> No, it's not what you're thinking... at least it's not about an article
        > or anything like that.
        >
        > Here it is...
        >
        > In the earlier works on User Stories (Cohn, at least -- maybe there's
        > more), the concept of an "Epic" was something like a "big story" or "a
        > story too big to fit into a sprint". A "Theme" was something like "a
        > collection of related stories."
        >
        > In more recent years, I haven't seen much use of the term Theme, but I
        > have seen quite a bit of use of the term Epic, to mean *either* a big
        > story, *or* a collection of Stories(thus taking on the meaning of a Theme).
        >
        > I've noticed this in the last few years. I first noticed it in one of
        > my clients 3 years ago(especially in use at the D/Director/VP level),
        > then I noticed it in Pivotal Tracker and Greenhopper in the last year.
        >
        > Has anyone else seen this use(misuse?) of the terminology? Do we (as a
        > community, and as practitioners) care that the term has been co-opted?
        > Is the impact so small as to not worry about it?

        I've seen lots of organization use lots of different terminology. Often
        they use "feature" instead of either "epic" or "theme." I've seen
        "capability" for the middle level. I don't worry about it much as long
        as people in the organization find it clear and agree on the
        terminology. Often a term must be avoided because it has multiple
        meanings in the organization.

        - George

        --
        ----------------------------------------------------------------------
        * George Dinwiddie * http://blog.gdinwiddie.com
        Software Development http://www.idiacomputing.com
        Consultant and Coach http://www.agilemaryland.org
        ----------------------------------------------------------------------
      • Chet Hendrickson
        Hi, I use feature to refer to a thing the business/stakeholders want from us. I use story and user story interchangeably for the team s description of a
        Message 3 of 13 , Jan 5, 2013
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          Hi,

          I use 'feature' to refer to a thing the business/stakeholders want from us.  I use 'story' and 'user story' interchangeably for the team's description of a feature or features.  I don't use 'epic' or 'theme' or 'saga' or 'ode'.  I don't know what they mean and I bet, like me, you have seen too much time spent determining when one category ends and another starts.  

          I call them all 'stories'.  Some are small enough to be scheduled into a Sprint and others aren't.  And some, we don't know enough about to know.

          chet

          Chet Hendrickson



          On Jan 5, 2013, at 2:29 PM, George Dinwiddie <lists@...> wrote:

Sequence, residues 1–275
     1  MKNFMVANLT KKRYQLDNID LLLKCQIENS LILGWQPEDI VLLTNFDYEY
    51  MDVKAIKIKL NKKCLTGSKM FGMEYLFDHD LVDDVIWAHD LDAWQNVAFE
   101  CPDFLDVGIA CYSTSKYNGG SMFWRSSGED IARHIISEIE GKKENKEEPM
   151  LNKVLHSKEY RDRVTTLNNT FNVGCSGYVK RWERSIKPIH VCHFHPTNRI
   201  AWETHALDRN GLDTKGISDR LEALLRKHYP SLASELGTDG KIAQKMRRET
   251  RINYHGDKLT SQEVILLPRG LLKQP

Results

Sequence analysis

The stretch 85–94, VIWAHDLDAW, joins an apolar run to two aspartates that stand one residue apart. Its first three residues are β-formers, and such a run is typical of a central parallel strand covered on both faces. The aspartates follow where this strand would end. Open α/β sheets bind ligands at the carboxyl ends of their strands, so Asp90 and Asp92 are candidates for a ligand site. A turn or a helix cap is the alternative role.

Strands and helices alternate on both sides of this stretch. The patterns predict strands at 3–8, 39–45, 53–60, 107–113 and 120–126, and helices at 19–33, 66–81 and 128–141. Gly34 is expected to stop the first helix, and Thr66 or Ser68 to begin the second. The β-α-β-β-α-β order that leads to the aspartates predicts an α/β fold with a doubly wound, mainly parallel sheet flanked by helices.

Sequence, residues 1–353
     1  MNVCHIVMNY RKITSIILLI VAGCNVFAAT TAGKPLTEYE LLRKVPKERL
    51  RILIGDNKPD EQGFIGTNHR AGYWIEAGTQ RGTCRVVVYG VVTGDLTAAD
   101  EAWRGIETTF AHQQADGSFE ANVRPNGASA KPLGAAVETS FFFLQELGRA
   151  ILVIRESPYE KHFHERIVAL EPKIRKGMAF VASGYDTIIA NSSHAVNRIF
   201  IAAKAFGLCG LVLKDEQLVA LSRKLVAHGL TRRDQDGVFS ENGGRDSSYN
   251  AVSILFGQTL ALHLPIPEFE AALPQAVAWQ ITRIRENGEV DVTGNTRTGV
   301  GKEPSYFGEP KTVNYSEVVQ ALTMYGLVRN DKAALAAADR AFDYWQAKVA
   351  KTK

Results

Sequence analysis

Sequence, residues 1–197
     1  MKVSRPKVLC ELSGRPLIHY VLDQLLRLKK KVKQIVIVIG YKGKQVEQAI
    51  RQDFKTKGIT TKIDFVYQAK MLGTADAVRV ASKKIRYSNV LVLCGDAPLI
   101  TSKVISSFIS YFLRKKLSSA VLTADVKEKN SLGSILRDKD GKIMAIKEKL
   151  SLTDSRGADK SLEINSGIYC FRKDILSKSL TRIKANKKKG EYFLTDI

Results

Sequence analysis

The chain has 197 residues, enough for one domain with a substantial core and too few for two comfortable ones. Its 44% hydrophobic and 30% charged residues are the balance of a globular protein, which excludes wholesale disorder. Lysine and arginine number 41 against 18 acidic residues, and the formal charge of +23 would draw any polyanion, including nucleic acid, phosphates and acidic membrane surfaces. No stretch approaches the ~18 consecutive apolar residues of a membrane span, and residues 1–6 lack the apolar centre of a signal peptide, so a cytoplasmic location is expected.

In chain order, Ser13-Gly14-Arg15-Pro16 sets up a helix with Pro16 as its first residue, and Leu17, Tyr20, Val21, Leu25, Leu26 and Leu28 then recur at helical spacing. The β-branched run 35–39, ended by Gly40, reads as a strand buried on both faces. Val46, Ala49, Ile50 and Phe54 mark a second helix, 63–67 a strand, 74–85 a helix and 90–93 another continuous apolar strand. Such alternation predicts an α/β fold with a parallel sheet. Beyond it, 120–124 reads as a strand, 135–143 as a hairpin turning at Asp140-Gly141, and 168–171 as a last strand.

Charles,

          On 12/19/12 8:25 PM, Charles Bradley - Professional Scrum Trainer and
          Coach wrote:
          >
          >
          > No, it's not what you're thinking... at least it's not about an article
          > or anything like that.
          >
          > Here it is...
          >
          > In the earlier works on User Stories (Cohn, at least -- maybe there's
          > more), the concept of an "Epic" was something like a "big story" or "a
          > story too big to fit into a sprint". A "Theme" was something like "a
          > collection of related stories."
          >
          > In more recent years, I haven't seen much use of the term Theme, but I
          > have seen quite a bit of use of the term Epic, to mean *either* a big
          > story, *or* a collection of Stories(thus taking on the meaning of a Theme).
          >
          > I've noticed this in the last few years. I first noticed it in one of
          > my clients 3 years ago(especially in use at the D/Director/VP level),
          > then I noticed it in Pivotal Tracker and Greenhopper in the last year.
          >
          > Has anyone else seen this use(misuse?) of the terminology? Do we (as a
          > community, and as practitioners) care that the term has been co-opted?
          > Is the impact so small as to not worry about it?

          I've seen lots of organization use lots of different terminology. Often
          they use "feature" instead of either "epic" or "theme." I've seen
          "capability" for the middle level. I don't worry about it much as long
          as people in the organization find it clear and agree on the
          terminology. Often a term must be avoided because it has multiple
          meanings in the organization.

          - George

          --
          ----------------------------------------------------------
          * George Dinwiddie * http://blog.gdinwiddie.com
          Software Development http://www.idiacomputing.com